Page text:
She says, "The legislation that passed that is now law basically has dictated to the people that want to run, like myself that there is only certain parties you can be part of and that's the way it is."

The race for the congressional seat in District Two could now be a three party race.

[UPDATE] Tallahassee, Florida - March 15, 2012 - 2:40pm

The defense for Nancy Argenziano wants the state to defend why the statute changed from a 6 month waiting period for party affiliation change to 17 months.

Eyewitness News has a reporter in court, stay with WCTV for updates.

[UPDATE] Tallahassee, Florida - March 15, 2012 -


A Tallahassee judge holds a hearing in a lawsuit filed by a former state lawmaker who was a Republican but wants to run for Congress as a Democrat, and can't because of the state's new elections law. Nancy Argenziano, who also is a former Public Service Commissioner, had planned to run against U.S. Rep. Steve Southerland in Congressional District 2, but a change made last year by the Legislature requires candidates to belong to a party for 17 months before an election before they can run as a member of that party. Argenziano is still running, as a member of the Independent Party, but is challenging the provision in law. Few knew the change was in an elections bill that got much more attention for other provisions that Democrats argued would make it harder for their constituents to vote. Judge James Shelfer is hearing the lawsuit, and has a hearing in the case scheduled Thursday. (2 p.m., Leon County Courthouse, Tallahassee.)

The defense for Argenziano is pleading its case before the judge now.



Brandon Larrabee, The News Service of Florida

A massive elections law passed by the Legislature this spring appears to bar former state Sen. Nancy Argenziano from running for office as a Democrat, imperiling her plans to challenge freshman Republican Congressman Steve Southerland.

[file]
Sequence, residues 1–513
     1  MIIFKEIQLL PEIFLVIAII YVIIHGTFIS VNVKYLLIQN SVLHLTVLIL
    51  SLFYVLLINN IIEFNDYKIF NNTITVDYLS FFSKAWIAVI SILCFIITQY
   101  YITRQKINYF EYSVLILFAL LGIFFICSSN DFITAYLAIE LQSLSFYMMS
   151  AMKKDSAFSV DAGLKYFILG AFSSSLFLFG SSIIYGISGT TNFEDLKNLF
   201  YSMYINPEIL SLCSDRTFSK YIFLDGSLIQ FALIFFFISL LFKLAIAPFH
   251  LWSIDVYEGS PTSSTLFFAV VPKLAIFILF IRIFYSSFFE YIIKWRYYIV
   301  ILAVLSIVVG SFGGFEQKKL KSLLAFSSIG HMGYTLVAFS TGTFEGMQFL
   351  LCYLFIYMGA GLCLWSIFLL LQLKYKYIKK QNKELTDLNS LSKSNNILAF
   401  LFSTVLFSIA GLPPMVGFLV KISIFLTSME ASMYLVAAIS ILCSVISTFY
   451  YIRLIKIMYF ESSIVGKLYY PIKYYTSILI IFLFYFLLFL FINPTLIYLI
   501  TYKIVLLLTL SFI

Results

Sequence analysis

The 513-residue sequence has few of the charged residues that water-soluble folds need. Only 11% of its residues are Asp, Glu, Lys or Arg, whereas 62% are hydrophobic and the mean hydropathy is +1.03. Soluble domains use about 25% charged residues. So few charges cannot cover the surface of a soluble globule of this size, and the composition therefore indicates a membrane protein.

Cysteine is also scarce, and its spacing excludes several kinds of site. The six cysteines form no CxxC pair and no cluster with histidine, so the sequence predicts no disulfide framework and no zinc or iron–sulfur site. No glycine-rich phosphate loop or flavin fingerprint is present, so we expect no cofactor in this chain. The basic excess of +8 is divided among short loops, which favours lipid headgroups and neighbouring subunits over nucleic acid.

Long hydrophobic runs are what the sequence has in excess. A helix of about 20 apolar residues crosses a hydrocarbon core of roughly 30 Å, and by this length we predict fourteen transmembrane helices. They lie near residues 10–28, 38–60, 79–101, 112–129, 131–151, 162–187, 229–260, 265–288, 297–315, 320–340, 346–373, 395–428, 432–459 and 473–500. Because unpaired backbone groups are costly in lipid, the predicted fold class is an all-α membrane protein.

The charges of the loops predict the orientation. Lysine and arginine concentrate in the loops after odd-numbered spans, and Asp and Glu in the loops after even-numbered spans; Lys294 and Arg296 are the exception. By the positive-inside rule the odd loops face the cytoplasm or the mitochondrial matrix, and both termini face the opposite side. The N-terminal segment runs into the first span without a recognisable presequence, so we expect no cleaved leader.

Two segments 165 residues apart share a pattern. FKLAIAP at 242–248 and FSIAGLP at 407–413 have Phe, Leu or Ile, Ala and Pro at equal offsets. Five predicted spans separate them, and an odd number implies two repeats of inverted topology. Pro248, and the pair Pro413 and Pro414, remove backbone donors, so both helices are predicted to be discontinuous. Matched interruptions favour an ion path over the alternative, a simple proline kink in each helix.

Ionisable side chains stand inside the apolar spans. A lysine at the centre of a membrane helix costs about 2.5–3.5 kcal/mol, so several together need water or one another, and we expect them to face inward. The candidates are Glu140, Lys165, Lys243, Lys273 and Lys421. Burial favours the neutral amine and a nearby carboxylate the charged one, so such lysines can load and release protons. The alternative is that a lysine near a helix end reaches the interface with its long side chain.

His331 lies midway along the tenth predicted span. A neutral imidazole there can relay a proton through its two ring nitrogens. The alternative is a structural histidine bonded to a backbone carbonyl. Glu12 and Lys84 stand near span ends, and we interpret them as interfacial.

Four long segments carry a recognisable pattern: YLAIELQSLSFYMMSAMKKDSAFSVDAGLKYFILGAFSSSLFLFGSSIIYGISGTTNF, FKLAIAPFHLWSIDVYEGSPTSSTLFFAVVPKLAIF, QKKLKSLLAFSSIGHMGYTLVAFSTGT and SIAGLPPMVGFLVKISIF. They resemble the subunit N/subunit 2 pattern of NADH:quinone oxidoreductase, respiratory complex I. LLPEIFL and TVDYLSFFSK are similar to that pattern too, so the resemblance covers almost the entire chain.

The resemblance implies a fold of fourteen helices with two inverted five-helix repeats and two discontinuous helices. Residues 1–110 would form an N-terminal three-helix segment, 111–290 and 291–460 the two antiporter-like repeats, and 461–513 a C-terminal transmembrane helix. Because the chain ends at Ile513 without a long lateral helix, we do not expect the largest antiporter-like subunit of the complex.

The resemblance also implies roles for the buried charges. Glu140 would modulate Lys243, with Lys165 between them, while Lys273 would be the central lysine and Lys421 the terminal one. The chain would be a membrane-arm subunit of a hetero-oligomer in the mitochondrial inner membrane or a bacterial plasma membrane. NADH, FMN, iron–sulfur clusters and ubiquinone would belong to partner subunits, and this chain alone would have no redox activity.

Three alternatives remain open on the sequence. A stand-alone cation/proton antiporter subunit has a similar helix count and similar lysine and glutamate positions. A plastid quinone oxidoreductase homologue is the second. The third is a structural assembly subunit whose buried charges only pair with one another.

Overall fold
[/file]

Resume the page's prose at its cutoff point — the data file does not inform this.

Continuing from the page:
Argenziano, a former Republican legislator, said Monday that she intended to run as a Democrat for the seat currently held by Southerland, a tea party-backed candidate who rode last year's Republican wave to victory over incumbent Rep. Allen Boyd.

Argenziano, who represented many of the counties in Southerland's district during her time in the Legislature, would have given Democrats a credible candidate for the seat in a year that could be less favorable to the GOP.

But a new state law appears to require Argenziano to have registered as a Democrat -- or at least not be a registered member of another party -- at least a year before the opening of qualifying for the seat, now scheduled for June 4.

The St. Petersburg Times reported late Wednesday that Argenziano is registered as a member of the Independent Party.

The Times quoted Ron Labasky, an attorney for the Florida State Association of Supervisors of Elections, as saying the law would bar Argenziano from changing parties and running for Congress.

"If that's the way they've got her registered, as being a member of a recognized party, I think it would be an issue of changing from the Independent Party to the Democratic Party," Labasky said. "The provision says you can't do that without a 365-day window."

Argenziano, known for a maverick and outspoken streak during her time as a legislator and member of the Public Service Commission, told the News Service of Florida in an interview Monday that she would also be likely to buck the Democratic Party if she were elected to Congress. But she said she was disgusted with the GOP's efforts to roll back environmental legislation and dramatically overhaul Medicare and Social Security.

"If I believed that America was really ready to put independents in office, I would run as an independent," she said Monday.

Argenziano did not immediately return a call for comment Wednesday evening.